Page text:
Regional Reviews: Washington, D.C.
Harris has explained that she was driven to respond, artistically and viscerally, to the ongoing parade of African Americans dying from racialized attacks, including but not limited to those caused by law enforcement officials. As she pointed out in an interview, she wanted to emphasize that rage and frustration are legitimate responses to this situation.
Lest that sound as if the performance indicts audience members who are not African American, that is far from the truth. Part of the point being made by Harris, by director Whitney White, and by the eight performers is that everyone has a role to play in this society and it's important for them all to understandand accept the legitimacy ofstories that differ from their own.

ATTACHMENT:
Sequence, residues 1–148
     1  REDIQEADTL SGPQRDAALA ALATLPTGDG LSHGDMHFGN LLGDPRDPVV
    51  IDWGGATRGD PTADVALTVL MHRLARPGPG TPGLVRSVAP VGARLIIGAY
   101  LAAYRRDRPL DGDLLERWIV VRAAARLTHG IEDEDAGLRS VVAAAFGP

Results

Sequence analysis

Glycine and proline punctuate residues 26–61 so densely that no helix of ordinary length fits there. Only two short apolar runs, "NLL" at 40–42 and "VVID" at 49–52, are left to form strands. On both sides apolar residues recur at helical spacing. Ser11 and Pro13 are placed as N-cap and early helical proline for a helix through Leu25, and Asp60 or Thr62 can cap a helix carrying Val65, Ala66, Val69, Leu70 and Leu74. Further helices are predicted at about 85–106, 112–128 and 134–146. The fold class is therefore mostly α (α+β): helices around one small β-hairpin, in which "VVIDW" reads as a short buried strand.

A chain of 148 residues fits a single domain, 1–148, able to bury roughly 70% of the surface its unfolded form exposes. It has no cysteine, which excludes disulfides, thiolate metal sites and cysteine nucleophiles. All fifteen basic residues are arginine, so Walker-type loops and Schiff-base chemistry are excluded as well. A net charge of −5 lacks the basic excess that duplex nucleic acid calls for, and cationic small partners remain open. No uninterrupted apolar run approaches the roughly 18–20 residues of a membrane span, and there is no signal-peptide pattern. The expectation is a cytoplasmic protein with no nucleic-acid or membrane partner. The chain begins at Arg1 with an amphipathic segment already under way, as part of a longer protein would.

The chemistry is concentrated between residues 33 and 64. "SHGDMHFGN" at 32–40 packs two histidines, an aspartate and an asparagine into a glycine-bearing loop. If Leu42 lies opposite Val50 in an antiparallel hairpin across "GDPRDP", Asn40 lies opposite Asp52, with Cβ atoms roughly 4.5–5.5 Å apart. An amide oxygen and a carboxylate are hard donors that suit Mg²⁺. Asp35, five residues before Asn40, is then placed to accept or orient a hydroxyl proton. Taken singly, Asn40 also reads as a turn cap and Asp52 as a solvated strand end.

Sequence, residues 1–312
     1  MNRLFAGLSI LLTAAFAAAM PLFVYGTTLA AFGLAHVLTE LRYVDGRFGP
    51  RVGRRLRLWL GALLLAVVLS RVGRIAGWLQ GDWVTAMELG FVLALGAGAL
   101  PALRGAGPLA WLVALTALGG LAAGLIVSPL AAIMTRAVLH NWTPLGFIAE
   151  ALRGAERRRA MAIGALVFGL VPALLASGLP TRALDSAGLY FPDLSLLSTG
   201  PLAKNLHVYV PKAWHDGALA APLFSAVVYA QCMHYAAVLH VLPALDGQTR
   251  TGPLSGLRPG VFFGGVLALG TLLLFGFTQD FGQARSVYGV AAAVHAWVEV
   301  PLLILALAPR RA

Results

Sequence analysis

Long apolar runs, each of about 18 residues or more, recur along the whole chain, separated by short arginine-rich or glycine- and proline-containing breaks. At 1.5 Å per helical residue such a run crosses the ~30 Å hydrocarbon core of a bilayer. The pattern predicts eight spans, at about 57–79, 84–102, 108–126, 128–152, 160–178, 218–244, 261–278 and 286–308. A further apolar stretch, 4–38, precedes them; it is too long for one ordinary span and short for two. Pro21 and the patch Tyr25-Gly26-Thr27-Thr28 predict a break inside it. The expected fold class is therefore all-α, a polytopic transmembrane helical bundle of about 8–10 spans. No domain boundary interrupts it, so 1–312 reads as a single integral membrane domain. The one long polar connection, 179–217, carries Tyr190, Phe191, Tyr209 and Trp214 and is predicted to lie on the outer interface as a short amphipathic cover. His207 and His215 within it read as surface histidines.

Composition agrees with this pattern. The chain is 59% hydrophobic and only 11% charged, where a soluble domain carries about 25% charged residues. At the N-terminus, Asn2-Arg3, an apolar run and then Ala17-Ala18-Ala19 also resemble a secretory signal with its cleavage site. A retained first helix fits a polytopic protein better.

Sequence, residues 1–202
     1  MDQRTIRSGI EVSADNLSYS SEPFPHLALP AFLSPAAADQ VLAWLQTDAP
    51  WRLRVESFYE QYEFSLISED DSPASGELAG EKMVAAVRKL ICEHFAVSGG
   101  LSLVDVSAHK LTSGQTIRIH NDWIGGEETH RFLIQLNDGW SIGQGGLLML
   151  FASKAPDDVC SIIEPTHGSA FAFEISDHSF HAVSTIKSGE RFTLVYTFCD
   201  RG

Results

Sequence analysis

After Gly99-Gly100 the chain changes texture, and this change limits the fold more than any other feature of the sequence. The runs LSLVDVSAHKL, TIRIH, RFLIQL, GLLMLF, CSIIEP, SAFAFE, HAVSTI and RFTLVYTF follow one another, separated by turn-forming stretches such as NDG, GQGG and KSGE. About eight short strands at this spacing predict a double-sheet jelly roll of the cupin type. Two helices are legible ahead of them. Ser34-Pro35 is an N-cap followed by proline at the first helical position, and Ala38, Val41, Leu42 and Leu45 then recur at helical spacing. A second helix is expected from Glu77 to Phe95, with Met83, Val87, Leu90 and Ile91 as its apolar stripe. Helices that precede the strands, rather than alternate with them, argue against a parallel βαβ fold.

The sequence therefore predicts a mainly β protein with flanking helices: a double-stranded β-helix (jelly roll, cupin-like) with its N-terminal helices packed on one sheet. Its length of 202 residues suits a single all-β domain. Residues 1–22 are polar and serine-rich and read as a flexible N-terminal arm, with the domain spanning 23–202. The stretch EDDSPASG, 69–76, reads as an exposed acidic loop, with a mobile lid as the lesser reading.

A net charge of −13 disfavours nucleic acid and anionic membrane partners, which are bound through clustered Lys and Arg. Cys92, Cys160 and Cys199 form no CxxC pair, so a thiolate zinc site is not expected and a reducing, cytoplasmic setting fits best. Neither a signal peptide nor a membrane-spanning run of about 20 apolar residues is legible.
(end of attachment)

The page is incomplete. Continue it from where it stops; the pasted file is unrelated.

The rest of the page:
The company originally performed this work in New York last year. As part of the residency in Washington, it was performed at ethnically diverse locations in the citythe Duke Ellington School for the Arts, Howard University, and THEARC, a community center in Southeast Washington east of the Anacostia Riverbefore opening at Woolly Mammoth.
The ritual begins in a room apart from the auditorium, where audience members view photos of African Americans who lost their lives to violence. Then they are led to the stage and asked to stand in a circle, sharing their names and answering questions posed by the facilitators. From there, the viewers take seats and the experience becomes somewhat more traditional in its format.
The actors express themselves in incendiary monologues, in a series of brief satiric plays (featuring Ugo Chukwu as an oblivious white woman and Rachel Christopher and Beau Thom as servants processing their fury in distinct ways), and in the bone-deep singing of Denise Manning. While catharsis is a result, so are enhanced awareness and a sense of connection.
Woolly Mammoth Theatre Company